Over the next two years, more than 28,000 residents in the region, aged between 60-74, will be invited to participate in the programme, with the first invitation letters due to be sent out from 12 November.
The programme aims to save lives through detecting pre-cancerous polyps, or finding bowel cancer at an early stage, when treatment is more likely to be successful. People who are eligible will receive an invitation letter, home testing kit and consent through the mail. The test detects traces of blood in a small sample of faeces. This can be an early warning sign for bowel cancer, alerting health providers that further tests are required, typically through a colonoscopy procedure.
There is a lot of interest among the wider health community, says Dr Nick Tindle, Clinical Lead for the MidCentral DHB National Bowel Screening Programme.
“We estimate around 58 cases of bowel cancer will be detected during the first two years of the programme, many of which will be in the early stages when it is easier to treat,” Dr Tindle said “This shows the value of the programme, as it will save lives.”
Bowel cancer, also known as colorectal cancer or colon cancer, is any cancer that affects the colon (large bowel) and rectum (back passage). The disease kills more thab 1200 people every year in New Zealand. People who are diagnosed with early stage bowel cancer, and who receive treatment early, have a 90 per cent change of long term survival.
Planning has occurred for the expected increase in the number of colonoscopies that will be required in the first two years of the programme. GPs and primary care staff also play a key part in the programme. They will be contacting participants about positive test results and supporting them on their journey through diagnosis and treatment.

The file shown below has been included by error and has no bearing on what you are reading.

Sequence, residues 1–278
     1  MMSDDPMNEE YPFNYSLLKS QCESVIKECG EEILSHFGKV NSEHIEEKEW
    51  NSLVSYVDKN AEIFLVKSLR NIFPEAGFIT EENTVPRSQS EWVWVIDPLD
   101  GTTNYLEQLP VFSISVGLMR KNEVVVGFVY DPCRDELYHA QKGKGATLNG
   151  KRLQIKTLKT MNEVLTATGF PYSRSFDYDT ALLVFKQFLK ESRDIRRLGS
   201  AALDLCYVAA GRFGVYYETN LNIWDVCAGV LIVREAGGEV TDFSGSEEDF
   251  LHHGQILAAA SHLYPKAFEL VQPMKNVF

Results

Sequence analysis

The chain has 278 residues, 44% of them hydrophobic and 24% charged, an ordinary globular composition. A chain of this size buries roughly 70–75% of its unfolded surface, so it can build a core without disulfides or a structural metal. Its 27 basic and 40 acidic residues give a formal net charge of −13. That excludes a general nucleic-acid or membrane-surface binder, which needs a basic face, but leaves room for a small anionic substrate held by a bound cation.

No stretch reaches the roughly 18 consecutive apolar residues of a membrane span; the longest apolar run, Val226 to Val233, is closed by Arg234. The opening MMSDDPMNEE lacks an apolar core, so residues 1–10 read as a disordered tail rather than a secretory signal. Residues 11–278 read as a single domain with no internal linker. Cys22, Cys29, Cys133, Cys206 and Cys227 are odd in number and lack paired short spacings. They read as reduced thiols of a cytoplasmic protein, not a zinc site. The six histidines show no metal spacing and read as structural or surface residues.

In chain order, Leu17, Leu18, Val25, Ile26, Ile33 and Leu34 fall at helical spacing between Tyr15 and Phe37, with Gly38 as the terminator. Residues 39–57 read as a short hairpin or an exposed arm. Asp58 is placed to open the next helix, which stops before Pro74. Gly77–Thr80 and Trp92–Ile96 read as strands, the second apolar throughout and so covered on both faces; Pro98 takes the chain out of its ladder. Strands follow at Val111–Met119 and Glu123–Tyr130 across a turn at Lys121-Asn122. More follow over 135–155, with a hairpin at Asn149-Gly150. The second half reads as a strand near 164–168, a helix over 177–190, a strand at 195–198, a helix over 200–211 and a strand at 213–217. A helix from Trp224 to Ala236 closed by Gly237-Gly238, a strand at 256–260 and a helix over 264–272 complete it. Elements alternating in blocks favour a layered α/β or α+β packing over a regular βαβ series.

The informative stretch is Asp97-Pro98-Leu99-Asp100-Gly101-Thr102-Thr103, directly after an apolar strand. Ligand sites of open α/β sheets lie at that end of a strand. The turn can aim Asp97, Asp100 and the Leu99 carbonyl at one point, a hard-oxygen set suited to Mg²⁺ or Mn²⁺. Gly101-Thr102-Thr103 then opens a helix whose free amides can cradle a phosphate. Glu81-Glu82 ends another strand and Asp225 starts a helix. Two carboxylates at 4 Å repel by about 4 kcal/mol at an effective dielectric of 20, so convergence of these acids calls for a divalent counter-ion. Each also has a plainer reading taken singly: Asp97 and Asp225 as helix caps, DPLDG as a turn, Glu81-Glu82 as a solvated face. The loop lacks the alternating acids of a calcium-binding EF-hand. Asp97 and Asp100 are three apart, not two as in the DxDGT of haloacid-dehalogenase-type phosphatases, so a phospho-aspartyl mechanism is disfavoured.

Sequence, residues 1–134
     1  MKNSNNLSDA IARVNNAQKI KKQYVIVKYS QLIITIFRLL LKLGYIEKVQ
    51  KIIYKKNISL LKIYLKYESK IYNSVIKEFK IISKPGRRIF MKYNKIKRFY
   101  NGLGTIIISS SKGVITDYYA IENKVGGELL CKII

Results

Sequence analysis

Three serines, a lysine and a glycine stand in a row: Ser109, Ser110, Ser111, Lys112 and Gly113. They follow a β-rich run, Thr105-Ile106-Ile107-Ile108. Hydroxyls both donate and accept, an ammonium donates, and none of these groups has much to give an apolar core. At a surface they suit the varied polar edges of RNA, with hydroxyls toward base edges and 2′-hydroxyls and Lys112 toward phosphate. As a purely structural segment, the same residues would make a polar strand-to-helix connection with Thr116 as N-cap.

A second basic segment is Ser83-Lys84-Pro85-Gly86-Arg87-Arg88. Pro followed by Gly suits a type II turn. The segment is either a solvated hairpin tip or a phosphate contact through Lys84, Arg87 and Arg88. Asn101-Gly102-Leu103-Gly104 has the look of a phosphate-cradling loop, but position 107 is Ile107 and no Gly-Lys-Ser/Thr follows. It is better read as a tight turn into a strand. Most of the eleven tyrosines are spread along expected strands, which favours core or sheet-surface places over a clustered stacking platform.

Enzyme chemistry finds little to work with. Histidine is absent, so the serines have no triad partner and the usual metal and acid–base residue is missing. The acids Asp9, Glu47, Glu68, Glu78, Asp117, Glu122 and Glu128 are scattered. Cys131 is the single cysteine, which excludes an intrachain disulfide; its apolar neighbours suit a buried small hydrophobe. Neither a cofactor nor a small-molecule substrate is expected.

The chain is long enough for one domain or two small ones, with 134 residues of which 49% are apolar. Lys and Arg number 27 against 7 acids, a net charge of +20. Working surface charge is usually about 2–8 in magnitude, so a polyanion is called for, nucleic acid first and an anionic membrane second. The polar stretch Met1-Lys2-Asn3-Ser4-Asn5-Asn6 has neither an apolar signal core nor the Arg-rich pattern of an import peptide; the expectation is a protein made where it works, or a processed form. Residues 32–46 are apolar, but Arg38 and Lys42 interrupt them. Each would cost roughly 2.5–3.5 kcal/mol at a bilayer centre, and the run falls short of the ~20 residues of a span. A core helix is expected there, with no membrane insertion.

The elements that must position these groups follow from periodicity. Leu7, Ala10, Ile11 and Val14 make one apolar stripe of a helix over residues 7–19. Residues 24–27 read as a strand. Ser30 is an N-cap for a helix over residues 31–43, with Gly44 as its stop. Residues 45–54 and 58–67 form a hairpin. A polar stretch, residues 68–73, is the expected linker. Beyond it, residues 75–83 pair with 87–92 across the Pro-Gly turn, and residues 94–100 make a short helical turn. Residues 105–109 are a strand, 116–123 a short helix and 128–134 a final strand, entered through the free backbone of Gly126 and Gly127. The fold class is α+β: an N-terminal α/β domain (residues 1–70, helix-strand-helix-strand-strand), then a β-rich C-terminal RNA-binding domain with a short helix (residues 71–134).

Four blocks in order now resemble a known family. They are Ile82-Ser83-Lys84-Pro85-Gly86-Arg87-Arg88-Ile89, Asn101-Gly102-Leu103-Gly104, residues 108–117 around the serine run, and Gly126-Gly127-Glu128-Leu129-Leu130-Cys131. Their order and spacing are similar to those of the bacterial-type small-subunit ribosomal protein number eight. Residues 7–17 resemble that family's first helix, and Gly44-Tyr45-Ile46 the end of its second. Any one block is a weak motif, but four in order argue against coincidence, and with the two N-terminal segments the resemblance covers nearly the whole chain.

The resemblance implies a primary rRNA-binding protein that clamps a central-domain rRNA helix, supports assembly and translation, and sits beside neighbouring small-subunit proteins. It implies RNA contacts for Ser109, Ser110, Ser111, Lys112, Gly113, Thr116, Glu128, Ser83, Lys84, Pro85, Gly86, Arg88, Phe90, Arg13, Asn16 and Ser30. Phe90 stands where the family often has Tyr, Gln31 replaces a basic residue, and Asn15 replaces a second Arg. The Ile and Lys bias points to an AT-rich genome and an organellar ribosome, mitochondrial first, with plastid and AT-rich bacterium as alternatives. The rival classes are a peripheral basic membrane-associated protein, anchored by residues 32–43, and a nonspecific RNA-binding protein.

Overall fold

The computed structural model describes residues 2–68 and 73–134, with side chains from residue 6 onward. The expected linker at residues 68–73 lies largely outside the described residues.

Invitation letters will coincide with people’s birthdays, allowing for a constant and even flow of invitations over 24 months.
People who have a birthday with an even number (e.g. 2nd, 4th, 6th of the month) will receive an invitation in year 1 (between late November 2019 and November 2020). Those with an odd birthdate number (e.g. 1st, 3rd, 5th of the month) will receive an invitation in year 2 (between November 2020 and November 2021). People who are having their 60th birthday will receive an invitation around the time of their birthday, regardless of their birth date. After a person has been invited for the first time, future correspondence will be based on their previous screening dates.
The programme started in July 2017 with Hutt Valley and Wairarapa the first DHBs involved. Once the national programme is fully implemented, more than 700,000 people aged between 60-74 years will be invited to take part in screening every two years.
For more information of the National Bowel Screening Programme, go to www.timetoscreen.nz
or to talk to someone about the bowel screening programme call freephone 0800 924 432.
Contact: Communications Unit (06) 350-8945